When a plant has finished flowering, look for swollen seed heads, or ripening fruit. Determining ripeness of seed is a matter of judgement and you get used to the visual clues. If you have doubts, seeds will continue to ripen if left in the seed pods. Once collected, clean seed immediately, leaving chaff in with the seeds may encourage fungal diseases. Dry seed pods and cones, and hang upside down in a paper bag in a dry airy place. Seed will fall.
The easiest way to remove seed from soft fruits is to crush the fruit and steep in water to remove the pulp. Tip or lift off floating material and reasonably clean seed should be left. The fruit may need to be left in water for several days.
Warmth and moisture are enemies of fresh seeds. Store in paper bags in fridge over the winter. Paper bags will allow the moisture to escape from the seed, and the cool temperature of the refrigerator slows down the natural deterioration. Very fleshy seeds that become desiccated under such conditions are best kept in plastic bags. You may wish to dust the seed with a fungicide.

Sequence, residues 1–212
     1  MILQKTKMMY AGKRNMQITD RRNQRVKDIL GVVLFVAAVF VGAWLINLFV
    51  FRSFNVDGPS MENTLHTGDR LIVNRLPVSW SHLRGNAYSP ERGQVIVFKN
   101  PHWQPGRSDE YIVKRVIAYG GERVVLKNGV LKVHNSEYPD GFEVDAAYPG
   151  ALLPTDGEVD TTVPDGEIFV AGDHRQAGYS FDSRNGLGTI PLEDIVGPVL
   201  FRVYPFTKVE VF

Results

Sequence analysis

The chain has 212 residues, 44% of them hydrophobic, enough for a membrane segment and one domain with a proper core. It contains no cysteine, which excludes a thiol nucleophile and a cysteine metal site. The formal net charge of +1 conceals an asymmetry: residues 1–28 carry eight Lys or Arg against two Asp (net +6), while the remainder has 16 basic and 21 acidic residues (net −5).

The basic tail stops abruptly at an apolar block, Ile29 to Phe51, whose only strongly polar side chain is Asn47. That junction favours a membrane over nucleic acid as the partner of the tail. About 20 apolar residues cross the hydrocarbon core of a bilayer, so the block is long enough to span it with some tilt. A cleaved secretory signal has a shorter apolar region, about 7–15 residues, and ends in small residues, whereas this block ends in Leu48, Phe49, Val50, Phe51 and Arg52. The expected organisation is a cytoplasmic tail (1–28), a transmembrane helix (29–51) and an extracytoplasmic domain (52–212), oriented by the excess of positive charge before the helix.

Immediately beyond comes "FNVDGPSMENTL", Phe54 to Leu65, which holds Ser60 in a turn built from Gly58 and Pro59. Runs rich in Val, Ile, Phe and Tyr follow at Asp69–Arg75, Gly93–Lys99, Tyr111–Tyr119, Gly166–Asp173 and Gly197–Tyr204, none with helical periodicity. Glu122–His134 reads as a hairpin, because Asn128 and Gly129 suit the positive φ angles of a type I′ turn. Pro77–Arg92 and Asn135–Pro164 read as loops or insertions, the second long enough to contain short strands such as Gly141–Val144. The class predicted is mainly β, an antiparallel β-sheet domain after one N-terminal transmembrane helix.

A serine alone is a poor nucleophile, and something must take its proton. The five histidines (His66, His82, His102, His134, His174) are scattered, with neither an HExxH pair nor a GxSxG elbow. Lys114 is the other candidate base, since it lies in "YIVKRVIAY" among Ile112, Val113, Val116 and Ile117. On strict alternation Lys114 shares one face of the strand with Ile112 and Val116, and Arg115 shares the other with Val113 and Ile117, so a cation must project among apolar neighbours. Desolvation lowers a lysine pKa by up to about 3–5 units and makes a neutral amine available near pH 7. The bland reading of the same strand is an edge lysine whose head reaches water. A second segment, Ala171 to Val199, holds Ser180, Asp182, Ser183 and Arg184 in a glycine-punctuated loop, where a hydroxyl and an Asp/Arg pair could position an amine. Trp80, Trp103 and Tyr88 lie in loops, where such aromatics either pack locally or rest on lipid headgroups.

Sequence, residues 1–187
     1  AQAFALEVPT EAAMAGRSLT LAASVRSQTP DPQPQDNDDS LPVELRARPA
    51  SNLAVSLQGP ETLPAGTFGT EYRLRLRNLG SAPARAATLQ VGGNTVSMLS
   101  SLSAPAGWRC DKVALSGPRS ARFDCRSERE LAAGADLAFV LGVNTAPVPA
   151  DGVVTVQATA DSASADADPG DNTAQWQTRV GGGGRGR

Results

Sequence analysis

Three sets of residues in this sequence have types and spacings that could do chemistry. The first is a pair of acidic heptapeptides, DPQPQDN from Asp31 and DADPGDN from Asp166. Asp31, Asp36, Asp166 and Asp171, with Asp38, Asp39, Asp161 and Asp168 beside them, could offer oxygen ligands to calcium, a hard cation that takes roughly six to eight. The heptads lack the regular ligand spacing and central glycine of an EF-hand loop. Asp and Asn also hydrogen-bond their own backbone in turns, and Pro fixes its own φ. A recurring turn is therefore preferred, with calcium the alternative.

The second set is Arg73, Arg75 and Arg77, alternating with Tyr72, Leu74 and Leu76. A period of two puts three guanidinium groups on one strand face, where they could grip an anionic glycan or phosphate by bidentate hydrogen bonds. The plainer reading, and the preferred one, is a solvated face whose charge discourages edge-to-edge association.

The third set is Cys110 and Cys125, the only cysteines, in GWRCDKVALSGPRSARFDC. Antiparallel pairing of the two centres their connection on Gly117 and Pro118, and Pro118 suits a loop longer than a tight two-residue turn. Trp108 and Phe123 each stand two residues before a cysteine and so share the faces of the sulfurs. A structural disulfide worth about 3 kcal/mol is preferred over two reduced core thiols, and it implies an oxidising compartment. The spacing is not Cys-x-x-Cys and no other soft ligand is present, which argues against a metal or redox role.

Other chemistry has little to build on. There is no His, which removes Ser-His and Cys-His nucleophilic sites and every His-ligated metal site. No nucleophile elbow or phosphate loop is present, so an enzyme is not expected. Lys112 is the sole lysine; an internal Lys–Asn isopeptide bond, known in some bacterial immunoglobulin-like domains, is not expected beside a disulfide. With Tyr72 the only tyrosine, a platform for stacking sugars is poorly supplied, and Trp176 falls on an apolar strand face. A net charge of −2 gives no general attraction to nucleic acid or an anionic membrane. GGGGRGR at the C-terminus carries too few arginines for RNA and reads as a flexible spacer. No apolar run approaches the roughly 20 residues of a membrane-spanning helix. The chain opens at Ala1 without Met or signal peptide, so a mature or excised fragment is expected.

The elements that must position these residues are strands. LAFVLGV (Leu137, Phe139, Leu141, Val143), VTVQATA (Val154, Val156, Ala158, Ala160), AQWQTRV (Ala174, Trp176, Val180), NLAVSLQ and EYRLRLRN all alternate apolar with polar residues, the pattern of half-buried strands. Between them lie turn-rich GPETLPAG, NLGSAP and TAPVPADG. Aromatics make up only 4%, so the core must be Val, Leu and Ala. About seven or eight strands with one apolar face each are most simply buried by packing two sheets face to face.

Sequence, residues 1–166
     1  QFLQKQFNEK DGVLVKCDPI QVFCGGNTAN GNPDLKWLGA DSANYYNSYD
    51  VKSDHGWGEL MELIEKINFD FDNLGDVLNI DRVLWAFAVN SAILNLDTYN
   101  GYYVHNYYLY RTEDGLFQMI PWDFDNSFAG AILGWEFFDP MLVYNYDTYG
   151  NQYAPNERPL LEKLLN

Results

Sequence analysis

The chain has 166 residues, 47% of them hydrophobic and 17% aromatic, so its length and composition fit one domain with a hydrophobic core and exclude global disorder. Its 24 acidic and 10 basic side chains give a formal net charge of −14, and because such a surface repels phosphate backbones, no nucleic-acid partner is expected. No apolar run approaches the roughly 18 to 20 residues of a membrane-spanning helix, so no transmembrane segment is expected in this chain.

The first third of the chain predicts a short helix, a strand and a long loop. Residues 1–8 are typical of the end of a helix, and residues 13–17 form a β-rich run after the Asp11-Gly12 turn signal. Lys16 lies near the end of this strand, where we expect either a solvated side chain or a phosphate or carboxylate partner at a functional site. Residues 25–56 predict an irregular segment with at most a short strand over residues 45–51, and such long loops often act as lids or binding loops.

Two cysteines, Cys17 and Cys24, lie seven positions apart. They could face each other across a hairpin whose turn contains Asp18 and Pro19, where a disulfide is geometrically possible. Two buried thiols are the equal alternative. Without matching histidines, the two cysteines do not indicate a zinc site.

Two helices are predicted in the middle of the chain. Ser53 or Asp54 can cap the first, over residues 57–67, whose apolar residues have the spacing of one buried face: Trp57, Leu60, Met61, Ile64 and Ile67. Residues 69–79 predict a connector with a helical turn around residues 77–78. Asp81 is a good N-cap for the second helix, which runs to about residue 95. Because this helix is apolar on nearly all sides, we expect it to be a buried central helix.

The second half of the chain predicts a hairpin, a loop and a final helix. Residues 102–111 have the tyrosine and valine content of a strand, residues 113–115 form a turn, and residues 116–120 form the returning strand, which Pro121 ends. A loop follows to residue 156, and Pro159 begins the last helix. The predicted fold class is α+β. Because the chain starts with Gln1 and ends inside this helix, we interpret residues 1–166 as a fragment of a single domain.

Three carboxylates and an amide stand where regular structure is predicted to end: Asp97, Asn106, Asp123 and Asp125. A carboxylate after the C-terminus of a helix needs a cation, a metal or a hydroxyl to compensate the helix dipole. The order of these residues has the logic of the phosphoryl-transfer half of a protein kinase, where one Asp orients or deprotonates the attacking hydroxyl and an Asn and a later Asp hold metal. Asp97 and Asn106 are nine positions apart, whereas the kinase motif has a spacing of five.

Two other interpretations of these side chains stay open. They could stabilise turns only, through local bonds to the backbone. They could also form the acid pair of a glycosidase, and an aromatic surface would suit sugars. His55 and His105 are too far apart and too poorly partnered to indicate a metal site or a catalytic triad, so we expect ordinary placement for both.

Most annuals will germinate easily in spring. Other plants may have specific requirements that need to be met in order to break dormancy. These requirements are many and varied, and include stratification (chilling), scarification (abrading or scarring), soaking, or a combination of these. Here, research is your best tool.For specific seed saving information, please refer to the Seed and Plant Sanctuary for Canada website here.
© Dinter Nursery
Located: 5km. South of Duncan, BC on Hwy #1
Mailing Address: 2205 Phipps Road, Duncan, B.C. V9L 6L2 Canada
Phone: 250 748-2023